The Bourne Legacy Leaves A Sweet Aftertaste

It’s quite the conundrum. Usually, late summer releases are usually reserved for movies that are afraid to compete with the likes of Avengers or TDKR. And not that The Bourne Legacy is at their levels at all. This one is much, much better.

A film that successfully pulls off a suspenseful slow start is one after my own heart. Buildup to powerful action sequences makes those scenes all the more entertaining; it’s the same as what is often said about food: “Hunger is the best sauce.” And the Bourne Legacy slathers it on thick, unlike last week’s critical failure, Total Recall.

It’s interesting to note the film’s allegorical relationship to government-run pharmaceutical corporations. This negative portrayal is confused, however. The villains of the film aren’t portrayed as evil or especially despicable in any way. But wait, if government-run pharmacies are evil, shouldn’t the antagonists who are government officials be evil?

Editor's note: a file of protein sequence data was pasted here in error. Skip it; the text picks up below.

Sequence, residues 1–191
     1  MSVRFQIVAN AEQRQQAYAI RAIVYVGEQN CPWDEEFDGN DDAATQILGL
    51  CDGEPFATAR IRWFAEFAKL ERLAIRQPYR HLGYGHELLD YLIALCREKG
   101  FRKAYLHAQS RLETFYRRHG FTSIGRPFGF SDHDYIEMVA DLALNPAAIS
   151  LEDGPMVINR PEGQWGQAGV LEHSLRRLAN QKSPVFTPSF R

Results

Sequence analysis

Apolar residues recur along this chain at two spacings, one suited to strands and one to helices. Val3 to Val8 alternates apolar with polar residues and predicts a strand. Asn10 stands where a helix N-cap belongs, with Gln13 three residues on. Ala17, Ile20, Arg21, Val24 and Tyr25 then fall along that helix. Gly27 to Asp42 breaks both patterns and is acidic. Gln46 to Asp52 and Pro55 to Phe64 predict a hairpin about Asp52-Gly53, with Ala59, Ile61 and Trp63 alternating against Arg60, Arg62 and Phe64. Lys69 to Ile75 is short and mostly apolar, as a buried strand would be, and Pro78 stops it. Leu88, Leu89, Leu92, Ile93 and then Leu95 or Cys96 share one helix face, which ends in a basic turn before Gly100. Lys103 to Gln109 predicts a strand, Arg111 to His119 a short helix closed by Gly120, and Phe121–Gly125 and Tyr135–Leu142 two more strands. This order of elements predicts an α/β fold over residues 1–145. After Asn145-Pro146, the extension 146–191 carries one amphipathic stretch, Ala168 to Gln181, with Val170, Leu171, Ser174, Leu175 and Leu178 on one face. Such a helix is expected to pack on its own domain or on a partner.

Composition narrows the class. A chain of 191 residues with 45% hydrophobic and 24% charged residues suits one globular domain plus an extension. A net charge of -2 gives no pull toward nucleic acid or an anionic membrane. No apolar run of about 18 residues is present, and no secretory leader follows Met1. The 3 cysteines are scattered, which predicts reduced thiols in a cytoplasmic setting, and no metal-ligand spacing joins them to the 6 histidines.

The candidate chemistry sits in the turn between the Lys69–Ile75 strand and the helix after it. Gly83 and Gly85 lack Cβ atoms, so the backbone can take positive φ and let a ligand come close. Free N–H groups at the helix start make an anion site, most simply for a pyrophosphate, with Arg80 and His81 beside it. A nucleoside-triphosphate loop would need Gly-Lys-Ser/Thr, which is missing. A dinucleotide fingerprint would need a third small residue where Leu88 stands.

Yet, this is a slight mistake that pays off. There’s a certain antagonist who doesn’t appear to earnestly be evil and that character’s actor’s performance benefits from this complexity. That antagonist is played by Edward Norton. If you’re not impressed already, watch his performance. Norton manages to play a person who shows very little emotion besides exasperation, but still manages to convey a subtle inner monologue to the film’s audience through facial expression. It rings even more true than if he sat down and had a heart to heart with the viewers.

There’s a certain anti-climax involving an oddly T-1000-like, last-minute rival assassin. He’s the Sabretooth to Hugh Jackman’s Wolverine in this case. But since his impact on the plot and his ultimate resolution is lacking and abrupt, it comes out as being a lot less satisfying than even X-Men Origins: Wolverines’ ending.

So, yes, this movie is pretty good. It’s not perfect. Yet, it’s appropriately far enough away from perfect. You can sort of appreciate its imperfection. And really, isn’t that the sign of a good film.

The film itself is spot-on. A bullseye, if you will.

Written by khalilbeckwith


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